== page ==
In Buddhism, the elephant is considered an embodied manifestation on earth of the qualities of the Buddha himself.

From the beginning of his life, Siddârtha Gautama, his birth name, was directly linked to the elephant.

When her mother became pregnant, she saw an immaculate white elephant appear to her in a dream. The animal then offered her a lotus coming out of its trunk, made three turns around her and penetrated her belly with one of its tusks.

As soon as she woke up, she immediately understood that her dream had meaning. He was right: it was a prophecy announcing to her that she would give birth to an enlightened being.

To learn more about this founding event of Buddhism, here is an article which tells you in more detail about this strange dream.

In short, since that day, the symbol of the elephant has been associated with Buddha, his birth and his powers.

Numerous representations of Buddhist religious art show us the Buddha meditating on the back of a pachyderm, the animal advancing slowly and serenely on its path while the man advances with him.

Along the same lines, the lucky elephant is sometimes used to represent higher qualities of power and wisdom.

When placed atop a pillar in a temple, custom holds that it “brings the light of knowledge to all.”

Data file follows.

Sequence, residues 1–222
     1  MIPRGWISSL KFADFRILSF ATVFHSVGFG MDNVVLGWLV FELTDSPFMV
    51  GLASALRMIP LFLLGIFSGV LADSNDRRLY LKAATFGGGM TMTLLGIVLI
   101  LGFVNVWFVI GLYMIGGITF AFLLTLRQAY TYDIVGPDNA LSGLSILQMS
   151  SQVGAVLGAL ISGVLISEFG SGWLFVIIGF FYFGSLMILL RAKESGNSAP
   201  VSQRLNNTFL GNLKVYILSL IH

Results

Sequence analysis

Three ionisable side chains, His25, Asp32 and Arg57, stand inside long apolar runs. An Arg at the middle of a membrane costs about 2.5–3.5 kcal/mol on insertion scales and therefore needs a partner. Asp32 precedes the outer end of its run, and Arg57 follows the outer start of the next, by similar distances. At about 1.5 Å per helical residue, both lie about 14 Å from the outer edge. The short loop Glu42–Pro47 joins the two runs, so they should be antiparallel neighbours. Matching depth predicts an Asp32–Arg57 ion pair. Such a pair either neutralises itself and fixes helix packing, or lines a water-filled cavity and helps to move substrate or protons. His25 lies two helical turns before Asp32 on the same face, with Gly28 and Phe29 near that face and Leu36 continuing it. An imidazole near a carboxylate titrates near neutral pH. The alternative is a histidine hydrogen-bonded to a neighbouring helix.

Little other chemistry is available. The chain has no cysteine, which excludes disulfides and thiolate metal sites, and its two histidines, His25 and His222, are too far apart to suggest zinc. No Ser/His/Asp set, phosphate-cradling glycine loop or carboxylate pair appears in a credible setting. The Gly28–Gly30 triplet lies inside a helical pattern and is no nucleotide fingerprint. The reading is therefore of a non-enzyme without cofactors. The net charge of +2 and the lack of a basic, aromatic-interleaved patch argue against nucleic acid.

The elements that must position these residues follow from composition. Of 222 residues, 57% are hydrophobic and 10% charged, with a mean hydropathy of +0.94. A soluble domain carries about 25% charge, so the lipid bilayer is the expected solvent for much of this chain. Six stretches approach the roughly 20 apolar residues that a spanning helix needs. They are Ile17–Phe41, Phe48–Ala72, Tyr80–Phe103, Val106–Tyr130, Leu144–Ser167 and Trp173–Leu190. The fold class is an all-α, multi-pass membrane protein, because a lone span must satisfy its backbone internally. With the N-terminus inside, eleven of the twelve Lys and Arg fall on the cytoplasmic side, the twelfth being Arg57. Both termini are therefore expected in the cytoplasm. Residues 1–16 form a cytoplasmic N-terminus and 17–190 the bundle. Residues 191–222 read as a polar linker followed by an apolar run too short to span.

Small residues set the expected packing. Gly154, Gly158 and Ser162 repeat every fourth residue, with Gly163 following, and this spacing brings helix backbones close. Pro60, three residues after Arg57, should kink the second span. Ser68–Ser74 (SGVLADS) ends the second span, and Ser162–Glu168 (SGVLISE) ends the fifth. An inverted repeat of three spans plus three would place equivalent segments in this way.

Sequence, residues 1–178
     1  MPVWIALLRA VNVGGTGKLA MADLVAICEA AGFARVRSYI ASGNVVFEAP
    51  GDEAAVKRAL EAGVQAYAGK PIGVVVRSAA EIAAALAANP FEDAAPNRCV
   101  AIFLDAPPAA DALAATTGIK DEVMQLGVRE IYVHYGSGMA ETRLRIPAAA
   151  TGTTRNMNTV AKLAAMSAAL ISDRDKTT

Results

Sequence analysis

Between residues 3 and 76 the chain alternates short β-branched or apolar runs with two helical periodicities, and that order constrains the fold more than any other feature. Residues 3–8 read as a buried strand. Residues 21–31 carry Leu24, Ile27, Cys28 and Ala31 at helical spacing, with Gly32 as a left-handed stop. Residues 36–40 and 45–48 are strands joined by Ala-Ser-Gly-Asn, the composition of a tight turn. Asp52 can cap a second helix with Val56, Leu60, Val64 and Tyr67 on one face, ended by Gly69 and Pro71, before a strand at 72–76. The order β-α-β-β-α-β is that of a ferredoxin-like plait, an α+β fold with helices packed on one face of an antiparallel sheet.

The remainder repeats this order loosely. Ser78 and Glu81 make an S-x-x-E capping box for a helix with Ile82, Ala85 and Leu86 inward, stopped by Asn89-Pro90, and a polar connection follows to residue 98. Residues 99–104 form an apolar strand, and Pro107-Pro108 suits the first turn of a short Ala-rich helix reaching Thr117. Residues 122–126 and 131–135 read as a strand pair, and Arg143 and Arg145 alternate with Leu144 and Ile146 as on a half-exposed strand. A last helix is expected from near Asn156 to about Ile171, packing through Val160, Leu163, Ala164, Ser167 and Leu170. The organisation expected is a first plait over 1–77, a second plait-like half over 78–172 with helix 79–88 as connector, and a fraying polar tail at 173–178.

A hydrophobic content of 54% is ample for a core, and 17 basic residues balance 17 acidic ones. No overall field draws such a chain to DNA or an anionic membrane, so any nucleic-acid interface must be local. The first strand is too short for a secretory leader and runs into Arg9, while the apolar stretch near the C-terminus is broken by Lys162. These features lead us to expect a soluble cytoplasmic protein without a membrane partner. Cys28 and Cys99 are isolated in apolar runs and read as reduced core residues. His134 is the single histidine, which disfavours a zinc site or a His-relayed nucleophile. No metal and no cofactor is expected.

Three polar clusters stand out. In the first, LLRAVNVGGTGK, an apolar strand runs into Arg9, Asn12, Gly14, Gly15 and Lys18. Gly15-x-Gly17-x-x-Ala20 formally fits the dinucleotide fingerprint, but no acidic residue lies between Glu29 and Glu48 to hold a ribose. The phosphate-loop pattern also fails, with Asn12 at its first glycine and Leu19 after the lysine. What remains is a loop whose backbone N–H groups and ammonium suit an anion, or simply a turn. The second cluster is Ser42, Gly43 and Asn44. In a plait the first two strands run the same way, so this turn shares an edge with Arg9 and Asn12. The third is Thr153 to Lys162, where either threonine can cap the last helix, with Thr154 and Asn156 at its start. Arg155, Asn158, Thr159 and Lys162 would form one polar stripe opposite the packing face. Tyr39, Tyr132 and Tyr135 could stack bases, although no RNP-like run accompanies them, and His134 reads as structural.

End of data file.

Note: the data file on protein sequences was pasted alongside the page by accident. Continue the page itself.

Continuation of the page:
Two white elephants with their trunks in the air in the rainforest of Northern Thailand

The white elephant: symbol of the kings of Thailand

We told you about the legend of the white elephant and the birth of the Buddha.

As its religion spread across Asia, this story made its way into many cultures.

However, there is one people who, more than the others, have given it particular importance: the Thais.

The white elephant (which in reality is a color closer to pink) has indeed become an important symbol of the power of royalty.

The animal was so revered in Thailand that it was even on the national flag until the beginning of the 20th century.

From the earliest times of their civilization, the Thais knew how to use elephants to their advantage.

They rode them on the battlefields, thus achieving crushing victories over their adversaries.

In the country's fields and rainforests, they used it to transport wood and goods.

According to some specialists, it is this use of animals that allowed Thai culture to prosper and survive to this day.

We therefore understand how the symbol of the lucky elephant could take such a place in local culture.

Family of African elephants walking in line in the savannah

The figure of the lucky elephant in Africa

The African elephant is not exactly the same as the one we can find in Asia.